The vice chairwoman on the House Armed Services Committee said President Joe Biden’s proposed budget for the 2023 fiscal year “sucks” and called for the U.S. Navy to apologize to the American public following the service’s proposal to retire a total of 24 ships in the 2023 fiscal year, including nine relatively new Freedom-class littoral combat ships (LCS).
House Armed Services Committee Vice Chair Rep. Elaine Luria (D-VA) began a seven-part Twitter thread by saying, “I have delayed putting out a statement about the Defense Budget because frankly it would have been mostly full of words you might expect from a Sailor, but here goes: It sucks.”
Luria then went on to criticize the Navy’s plans to decommission more warships than they will start to build in 2023.
“The Navy owes a public apology to American taxpayers for wasting tens of billions of dollars on ships they now say serve no purpose,” she tweeted.
“They propose decommissioning 24 ships; 11 of which are less than 10 years old,” Luria continued. “1 has been in service less than 2 years and 2 are currently in modernization.”
In a Monday press briefing, Rear Adm. John Gumbleton, the deputy assistant secretary of the Navy for budget, said the cuts to the fleet would include five cruisers, nine littoral combat ships (LCS), four landing dock ships, two submarines, two oilers and two expeditionary transfer docks.
On Wednesday, the Navy confirmed the nine LCS ships slated for decommissioning would include all of the remaining Freedom-class LCSs currently in active service. Before 2021, the Navy had 10 Freedom-class ships in active service, but retired the first of its class, USS Freedom (LCS-1), in September. Two more Freedom-class ships, USS Minneapolis-St. Paul (LCS-21) and USS Cooperstown (LCS-23) are still in the process of being prepared for active service, while four more Freedom-class ships are currently under construction, Military.com reported.
On Monday, Pentagon comptroller Michael McCord said the decision to scrap the Freedom-class ships was due to “issues with both their mission packages” and combining mechanisms, which help power the ship’s turbines.
Gumbleton said decommissioning the 24 warships would provide the service $3.6 billion in savings that it can apply to future budgets. He said the projected savings are “not an insignificant number.” Luria did not agree that the cost savings were sufficient to justify the scrapped warships.
Luria continued her tweet thread, saying the plan to scrap the 24 ships is “All to save…0.5% of their budget.”
“This, along with an anemic building program, will shrink the navy to 280 ships, at the same time they are calling to build a 500-ship Navy,” Luria added. “HINT: If you want to grow the Navy, stop decommissioning more ships than you build.”
In other comments reported by the Virginia Pilot, Luria said, “In the face of current threats, we are gutting the Navy now to say we’re going to rebuild it in 10 or 20 years.”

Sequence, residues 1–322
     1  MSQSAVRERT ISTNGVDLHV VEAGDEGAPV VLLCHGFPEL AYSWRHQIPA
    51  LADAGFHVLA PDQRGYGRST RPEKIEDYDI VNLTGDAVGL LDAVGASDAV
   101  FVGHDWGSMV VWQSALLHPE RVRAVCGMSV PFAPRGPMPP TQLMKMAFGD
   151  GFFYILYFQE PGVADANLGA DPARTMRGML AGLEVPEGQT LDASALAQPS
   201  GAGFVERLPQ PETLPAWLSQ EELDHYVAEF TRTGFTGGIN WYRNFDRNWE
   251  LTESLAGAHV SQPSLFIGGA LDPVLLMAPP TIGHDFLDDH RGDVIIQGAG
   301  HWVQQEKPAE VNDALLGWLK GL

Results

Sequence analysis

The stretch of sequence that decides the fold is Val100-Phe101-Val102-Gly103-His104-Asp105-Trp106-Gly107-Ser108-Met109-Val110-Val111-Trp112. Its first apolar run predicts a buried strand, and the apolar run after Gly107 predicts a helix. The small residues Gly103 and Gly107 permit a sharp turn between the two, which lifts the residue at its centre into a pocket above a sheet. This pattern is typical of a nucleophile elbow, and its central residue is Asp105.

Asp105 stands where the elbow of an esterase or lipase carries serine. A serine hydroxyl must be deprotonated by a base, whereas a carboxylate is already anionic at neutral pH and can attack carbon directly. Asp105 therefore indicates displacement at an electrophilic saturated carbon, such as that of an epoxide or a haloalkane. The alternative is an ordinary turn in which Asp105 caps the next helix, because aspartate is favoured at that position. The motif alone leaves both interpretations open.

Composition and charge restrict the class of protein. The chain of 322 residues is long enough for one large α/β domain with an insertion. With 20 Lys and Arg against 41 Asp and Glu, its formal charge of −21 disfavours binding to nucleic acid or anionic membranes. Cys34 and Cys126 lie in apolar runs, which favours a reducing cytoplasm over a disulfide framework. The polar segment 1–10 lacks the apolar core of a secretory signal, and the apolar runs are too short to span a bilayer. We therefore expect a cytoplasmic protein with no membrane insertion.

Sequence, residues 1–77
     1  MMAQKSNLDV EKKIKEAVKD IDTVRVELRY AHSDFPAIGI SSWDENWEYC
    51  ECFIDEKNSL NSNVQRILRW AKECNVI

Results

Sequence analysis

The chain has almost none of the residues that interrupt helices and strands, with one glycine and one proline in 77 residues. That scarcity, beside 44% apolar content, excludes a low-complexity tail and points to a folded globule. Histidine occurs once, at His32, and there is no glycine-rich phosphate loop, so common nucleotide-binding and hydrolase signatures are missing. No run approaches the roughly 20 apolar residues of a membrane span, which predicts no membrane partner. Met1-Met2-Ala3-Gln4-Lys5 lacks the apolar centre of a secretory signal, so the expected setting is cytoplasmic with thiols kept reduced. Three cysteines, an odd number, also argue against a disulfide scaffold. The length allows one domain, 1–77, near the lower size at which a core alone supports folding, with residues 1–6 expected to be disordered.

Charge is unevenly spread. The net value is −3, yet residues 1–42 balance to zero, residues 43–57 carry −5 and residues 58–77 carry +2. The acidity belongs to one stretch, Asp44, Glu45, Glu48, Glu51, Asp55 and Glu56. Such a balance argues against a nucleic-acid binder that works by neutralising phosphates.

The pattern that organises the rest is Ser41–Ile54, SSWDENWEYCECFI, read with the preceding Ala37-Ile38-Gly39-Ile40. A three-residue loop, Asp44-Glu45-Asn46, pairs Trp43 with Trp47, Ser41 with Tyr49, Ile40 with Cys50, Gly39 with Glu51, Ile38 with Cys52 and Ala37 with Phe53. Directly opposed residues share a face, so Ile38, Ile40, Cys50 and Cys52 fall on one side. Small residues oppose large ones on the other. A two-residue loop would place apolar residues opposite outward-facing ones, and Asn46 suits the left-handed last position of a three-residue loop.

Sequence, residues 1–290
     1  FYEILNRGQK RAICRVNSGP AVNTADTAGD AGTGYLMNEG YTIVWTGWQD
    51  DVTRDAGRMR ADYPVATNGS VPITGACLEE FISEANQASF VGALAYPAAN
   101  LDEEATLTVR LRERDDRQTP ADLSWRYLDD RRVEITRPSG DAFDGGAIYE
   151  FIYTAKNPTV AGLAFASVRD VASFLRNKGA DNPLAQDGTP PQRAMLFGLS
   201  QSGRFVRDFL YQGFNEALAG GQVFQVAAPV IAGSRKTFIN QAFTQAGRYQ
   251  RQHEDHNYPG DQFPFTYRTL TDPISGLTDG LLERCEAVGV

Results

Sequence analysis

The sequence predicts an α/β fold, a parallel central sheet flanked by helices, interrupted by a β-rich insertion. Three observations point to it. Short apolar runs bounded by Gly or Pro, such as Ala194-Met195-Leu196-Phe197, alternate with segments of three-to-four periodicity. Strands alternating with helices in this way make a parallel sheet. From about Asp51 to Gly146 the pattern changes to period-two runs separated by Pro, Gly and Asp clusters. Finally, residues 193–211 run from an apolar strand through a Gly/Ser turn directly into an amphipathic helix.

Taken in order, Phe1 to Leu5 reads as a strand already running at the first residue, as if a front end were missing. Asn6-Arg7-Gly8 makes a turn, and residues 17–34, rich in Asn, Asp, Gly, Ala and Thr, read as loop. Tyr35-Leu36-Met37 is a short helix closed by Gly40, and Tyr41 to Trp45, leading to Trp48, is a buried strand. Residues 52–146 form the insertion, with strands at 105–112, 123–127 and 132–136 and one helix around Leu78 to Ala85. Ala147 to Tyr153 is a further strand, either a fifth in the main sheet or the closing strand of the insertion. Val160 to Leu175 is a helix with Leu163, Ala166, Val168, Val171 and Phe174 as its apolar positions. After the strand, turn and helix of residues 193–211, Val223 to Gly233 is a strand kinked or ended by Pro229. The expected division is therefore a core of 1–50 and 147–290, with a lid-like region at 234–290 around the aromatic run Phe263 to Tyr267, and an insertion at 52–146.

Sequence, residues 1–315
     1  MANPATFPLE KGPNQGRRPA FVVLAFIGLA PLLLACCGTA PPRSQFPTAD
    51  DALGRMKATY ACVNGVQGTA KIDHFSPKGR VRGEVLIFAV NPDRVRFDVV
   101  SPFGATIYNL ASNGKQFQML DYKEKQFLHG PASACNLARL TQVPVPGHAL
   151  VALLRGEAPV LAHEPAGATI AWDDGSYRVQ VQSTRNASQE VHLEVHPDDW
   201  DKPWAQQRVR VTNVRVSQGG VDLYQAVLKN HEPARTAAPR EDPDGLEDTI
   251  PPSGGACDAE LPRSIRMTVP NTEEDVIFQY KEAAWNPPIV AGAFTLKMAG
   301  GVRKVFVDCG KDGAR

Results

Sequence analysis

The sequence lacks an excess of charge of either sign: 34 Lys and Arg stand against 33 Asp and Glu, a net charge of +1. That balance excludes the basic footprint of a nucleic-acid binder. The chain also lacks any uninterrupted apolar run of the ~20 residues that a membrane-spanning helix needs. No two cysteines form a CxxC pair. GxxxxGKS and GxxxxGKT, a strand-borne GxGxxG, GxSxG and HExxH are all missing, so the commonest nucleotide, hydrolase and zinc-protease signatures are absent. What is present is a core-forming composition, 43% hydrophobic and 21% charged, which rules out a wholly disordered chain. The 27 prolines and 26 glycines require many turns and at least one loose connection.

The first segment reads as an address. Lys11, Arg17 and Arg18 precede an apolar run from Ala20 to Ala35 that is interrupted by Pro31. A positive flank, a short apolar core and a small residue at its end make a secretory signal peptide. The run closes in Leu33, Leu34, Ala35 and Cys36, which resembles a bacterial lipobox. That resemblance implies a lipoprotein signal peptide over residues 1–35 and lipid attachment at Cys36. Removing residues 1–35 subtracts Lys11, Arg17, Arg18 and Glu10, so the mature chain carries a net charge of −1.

“China is not a ‘pacing challenge’ when they will soon have double the size of our Navy,” Luria added. “We are losing 1000+ VLS cells, with NO PLAN to replace them. Instead, we are investing in the next ‘Gucci’ missile and technology that will not be mature for 20+ years.”
In 2019, China overtook the U.S. as the nation with the largest naval force. As of early 2020, the U.S. had 293 active warships, compared to China’s 350 active ships. The Navy’s proposed 2023 budget would bring its fleet size down to 285 ships.
The trend of shrinking fleet sizes comes even as the Navy has discussed shipbuilding goals in recent years that would expand the fleet to around 355 ships by 2030.
Luria said the Navy’s plan to cut 24 ships and only build nine new ones — one of which Luria said had already been authorized — would place the Navy further away from its 355-ship fleet goal, the Virginia Pilot reported.
Luria is not the only lawmaker that has criticized the Navy’s plans.
Rep. Rob Wittman (R-VA), the ranking member of the House seapower subcommittee, said “I am particularly disappointed that even as we aim to grow our naval and projection forces, this budget continues the divest to invest strategy that will shrink our fleet once again,” the Virginia Pilot reported.
Sen. Jim Inhofe (R-OK), the ranking member of the Senate Armed Services Committee, criticized Biden’s overall defense spending proposal.
“President Biden’s defense budget reflects the world he wishes for — but not the world as it is,” Inhofe said. “You simply can’t look at the world around us now and think this budget is adequate to confront all the threats we face, let alone to accelerate our attempts to maintain or restore deterrence and secure U.S. interests for our children and grandchildren.”
Inhofe said Biden’s budget doesn’t sufficiently address inflation in the U.S. economy.
“Real growth — 5 percent above inflation — is what we need if we are to meet this moment,” Inhofe said.